0.50 mol L

NH3(aq). What is the equilibrium concentration of [Ag ]?

How much Cl can be added to this solution before AgCl(s) precipitates?


Note: Kf = 1.6107 for Ag(NH3)2+ and Ksp = 1.81010 for AgCl.

AgCl has a very low solubility in


water but it is much more soluble in
aqueous ammonia solution. Have a
look at Example 19-13 in the text to
see how to calculate the solubility of
1
AgCl in 0.10 mol L NH3(aq).

Digging Deeper: Solubility equilibria are often a lot more complicated than you might think!
The simple Ksp calculations weve carried out in previous examples are usually quite inaccurate. This is
because the dissolution process is only one of many competing processes that must be considered.
Consider lead (II) fluoride, PbF2, which is a salt containing a weakly basic anion, F. To calculate the
true solubility of PbF2 in water, we should consider all of the following processes simultaneously.

PbF2(s)

Pb2+(aq) + 2 F(aq)

F(aq) + H2O(l)
2 H2O(l)

HF (aq) + OH(aq)

H3O+(aq) + OH(aq)

Ksp = 3.6108
Kb = Kw / Ka = 1.521011
Kw = 1.01014

If we ignore the basic character of F, we calculate the solubility, S, of PbF2 directly from the Ksp value:

S = [Pb ] =
2+

K sp / 4 = 2.1 10 mol L .
-3

-1

If wanted to incorporate the basic character of F into our calculations, wed have to use all of the
following equations (5 equations in 5 unknowns):

Equilibrium constant expressions:

Ksp = [Pb2+] [F]2

Ka = [H3O+] [ F] / [HF]

Kw = [H3O+] [ OH]

Material Balance Equation:


[F] + [HF] = 2 [Pb2+]
Note: The dissolution of PbF2 produces twice as much F as Pb2+ but some of the F is converted
into HF. Therefore, the [F] + [HF] must be equal to twice the amount of PbF2 that dissolved.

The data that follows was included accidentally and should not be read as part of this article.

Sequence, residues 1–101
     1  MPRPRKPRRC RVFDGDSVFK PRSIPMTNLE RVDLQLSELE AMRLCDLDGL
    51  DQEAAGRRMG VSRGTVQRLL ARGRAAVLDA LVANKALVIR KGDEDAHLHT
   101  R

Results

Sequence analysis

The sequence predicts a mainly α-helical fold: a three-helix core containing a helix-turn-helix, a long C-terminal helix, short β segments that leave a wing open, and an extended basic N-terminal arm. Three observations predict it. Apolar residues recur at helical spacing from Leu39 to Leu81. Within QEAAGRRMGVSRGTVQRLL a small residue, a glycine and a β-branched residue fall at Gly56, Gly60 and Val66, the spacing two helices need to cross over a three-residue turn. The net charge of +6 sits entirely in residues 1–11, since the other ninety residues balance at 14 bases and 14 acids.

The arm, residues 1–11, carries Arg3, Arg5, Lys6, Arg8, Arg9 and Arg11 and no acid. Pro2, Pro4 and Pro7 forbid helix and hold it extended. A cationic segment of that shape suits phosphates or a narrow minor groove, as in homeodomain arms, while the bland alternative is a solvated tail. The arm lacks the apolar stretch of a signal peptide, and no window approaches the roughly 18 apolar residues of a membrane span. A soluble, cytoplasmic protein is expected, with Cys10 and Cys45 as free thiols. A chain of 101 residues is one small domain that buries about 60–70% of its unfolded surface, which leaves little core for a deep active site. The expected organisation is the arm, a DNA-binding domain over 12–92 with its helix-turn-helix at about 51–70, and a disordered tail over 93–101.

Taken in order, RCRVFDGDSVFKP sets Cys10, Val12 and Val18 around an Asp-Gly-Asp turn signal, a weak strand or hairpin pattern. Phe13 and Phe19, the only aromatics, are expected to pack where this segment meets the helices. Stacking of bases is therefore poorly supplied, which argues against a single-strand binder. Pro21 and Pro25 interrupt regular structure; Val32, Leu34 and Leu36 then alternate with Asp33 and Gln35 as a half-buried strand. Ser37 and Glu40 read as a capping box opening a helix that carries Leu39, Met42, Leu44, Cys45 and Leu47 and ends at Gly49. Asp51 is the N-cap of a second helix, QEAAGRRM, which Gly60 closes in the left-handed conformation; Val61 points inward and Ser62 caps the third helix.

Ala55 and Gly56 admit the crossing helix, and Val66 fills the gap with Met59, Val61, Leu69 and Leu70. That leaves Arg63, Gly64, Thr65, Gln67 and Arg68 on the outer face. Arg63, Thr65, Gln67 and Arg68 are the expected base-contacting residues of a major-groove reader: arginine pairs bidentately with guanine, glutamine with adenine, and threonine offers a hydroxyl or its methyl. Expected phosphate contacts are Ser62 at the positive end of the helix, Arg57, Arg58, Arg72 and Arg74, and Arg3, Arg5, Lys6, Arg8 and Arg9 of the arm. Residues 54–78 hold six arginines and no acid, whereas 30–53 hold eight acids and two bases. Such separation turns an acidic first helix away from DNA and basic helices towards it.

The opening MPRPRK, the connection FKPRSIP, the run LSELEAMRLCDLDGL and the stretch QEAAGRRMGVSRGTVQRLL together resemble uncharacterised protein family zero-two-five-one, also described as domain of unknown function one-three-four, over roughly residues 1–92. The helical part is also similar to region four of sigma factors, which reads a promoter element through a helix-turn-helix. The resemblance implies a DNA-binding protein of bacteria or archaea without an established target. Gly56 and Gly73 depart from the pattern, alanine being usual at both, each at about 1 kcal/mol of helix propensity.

Charge Balance Equation:

2 [Pb2+] = [F] + [OH]

When we solve the system of equations above, we get S = [Pb2+] = 2.1103 mol L1. In this instance, we
get the same result as before (i.e., when we neglected the basic character of F). This is because F is a
relatively weak base so the conversion of F to HF is not that important. However, if Kb for F was
1.52105 rather than 1.521011, the calculated solubility would be 4% higher than the value calculated
directly from just the Ksp value.
The dissolution process is sometimes further complicated by the fact that the ions dont always separate
completely from each other but instead form a stable ion pair in solution. For example, in a saturated
solution of CaSO4, it has been found experimentally that a significant number of CaSO4 molecules exist
in solution. The CaSO4 molecule is really an undissociated ion pair (Ca2+)(SO42). To calculate the
true solubility of CaSO4(s), one must not only take into account the basic character of SO42 but also
the following equilibrium process:
Ca2+(aq) + SO42(aq)

CaSO (aq)
4

K = 1.92102

The equilibrium constant for the formation of the (Ca2+)(SO42) ion pair is quite large, and thus a
significant fraction of the dissolved solid exists in this form. Consequently, the solubility of CaSO4(s) in
water is actually much greater than one would expect if we neglected the formation of the ion pair!!